Crude oil prices surge: Middle East conflict and regulatory shifts drive market gains

In the commodities market, Brent futures closed higher at $90.89 per barrel, marking a notable increase of $4.89 or 5.7%. Meanwhile, US West Texas Intermediate (WTI) crude experienced a substantial gain of $4.78, or 5.8%, reaching $87.69 per barrel. These movements represent the most significant daily percentage gains in both benchmarks since April 23. Additionally, Brent oil recorded a weekly surge of 7.5%, its most substantial increase since February, while WTI climbed 5.9% for the week, as reported by the news agency Reuters.

In the domestic context, on the Multi Commodity Exchange (MCX), crude oil futures with an October 19 expiry rose by 5.45%, settling at ₹7,272 per barrel. During the trading session, the price exhibited fluctuations within the range of ₹6,962 to ₹7,278 per barrel, following the previous close at ₹6,896 per barrel.

The recent surge in crude oil prices can be attributed to several factors, including geopolitical and regulatory developments:

  1. Geopolitical Tensions in the Middle East: While the conflict in the Middle East has not significantly impacted global oil and gas supplies, the situation remains a focal point for investors and market observers. There is ongoing assessment of the potential escalation of the conflict and its implications for oil supplies from neighboring countries in the world’s top oil-producing region.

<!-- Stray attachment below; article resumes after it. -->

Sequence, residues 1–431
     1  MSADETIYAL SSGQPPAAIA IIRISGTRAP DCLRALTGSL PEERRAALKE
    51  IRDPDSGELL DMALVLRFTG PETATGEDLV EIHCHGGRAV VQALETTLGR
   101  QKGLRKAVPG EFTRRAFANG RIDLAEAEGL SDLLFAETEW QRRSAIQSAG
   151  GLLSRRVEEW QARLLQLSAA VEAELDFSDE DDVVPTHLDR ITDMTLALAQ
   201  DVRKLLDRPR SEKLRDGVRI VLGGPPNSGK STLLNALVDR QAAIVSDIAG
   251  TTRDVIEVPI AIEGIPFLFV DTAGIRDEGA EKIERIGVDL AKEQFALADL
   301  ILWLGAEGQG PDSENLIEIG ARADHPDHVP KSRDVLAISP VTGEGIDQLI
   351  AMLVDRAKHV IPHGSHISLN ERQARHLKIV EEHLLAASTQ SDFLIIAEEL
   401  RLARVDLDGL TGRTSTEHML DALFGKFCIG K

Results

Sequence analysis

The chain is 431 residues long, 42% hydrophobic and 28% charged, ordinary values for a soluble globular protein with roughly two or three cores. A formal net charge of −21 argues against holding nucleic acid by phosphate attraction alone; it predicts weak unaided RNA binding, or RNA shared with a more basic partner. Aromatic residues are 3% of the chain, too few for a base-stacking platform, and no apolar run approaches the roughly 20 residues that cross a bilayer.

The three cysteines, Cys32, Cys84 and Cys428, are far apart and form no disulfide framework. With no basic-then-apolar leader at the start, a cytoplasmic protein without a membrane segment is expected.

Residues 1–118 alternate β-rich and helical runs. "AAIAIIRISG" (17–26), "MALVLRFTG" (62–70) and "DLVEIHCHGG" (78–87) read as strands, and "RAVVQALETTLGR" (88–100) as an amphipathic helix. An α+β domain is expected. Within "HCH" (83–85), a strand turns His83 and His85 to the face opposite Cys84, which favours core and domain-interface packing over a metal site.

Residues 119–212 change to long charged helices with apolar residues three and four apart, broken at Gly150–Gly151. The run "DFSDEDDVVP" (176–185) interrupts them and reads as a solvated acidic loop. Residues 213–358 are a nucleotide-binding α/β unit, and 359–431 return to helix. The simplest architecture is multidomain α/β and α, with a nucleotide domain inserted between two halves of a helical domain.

2. US Sanctions on Russian Oil: Notably, the US government has imposed sanctions on the owners of tankers transporting Russian oil that is priced above the G7’s price cap of $60 per barrel. This move aims to close existing loopholes in the sanctions mechanism designed to penalize Russia for its invasion of Ukraine. Given Russia’s status as the world’s second-largest oil producer and a major exporter, increased scrutiny of its shipments by the United States could impact the global oil supply.
  3. OPEC’s Demand Forecast: The Organization of the Petroleum Exporting Countries (OPEC) has maintained its forecast for growth in global oil demand, anticipating an increase of 2.25 million barrels per day (bpd) in 2024. This is in comparison to the growth of 2.44 million bpd expected for 2023. OPEC points to signs of resilience in the global economy throughout the current year and anticipates further growth in demand, notably in China, the world’s largest oil importer.
  4. IEA’s Oil Demand Outlook: The International Energy Agency (IEA) has revised its oil demand growth forecast for 2024, suggesting that challenging global economic conditions and advancements in energy efficiency will likely moderate consumption. The agency now anticipates 2024 demand growth at 880,000 bpd, a downward adjustment from its prior projection of 1 million bpd.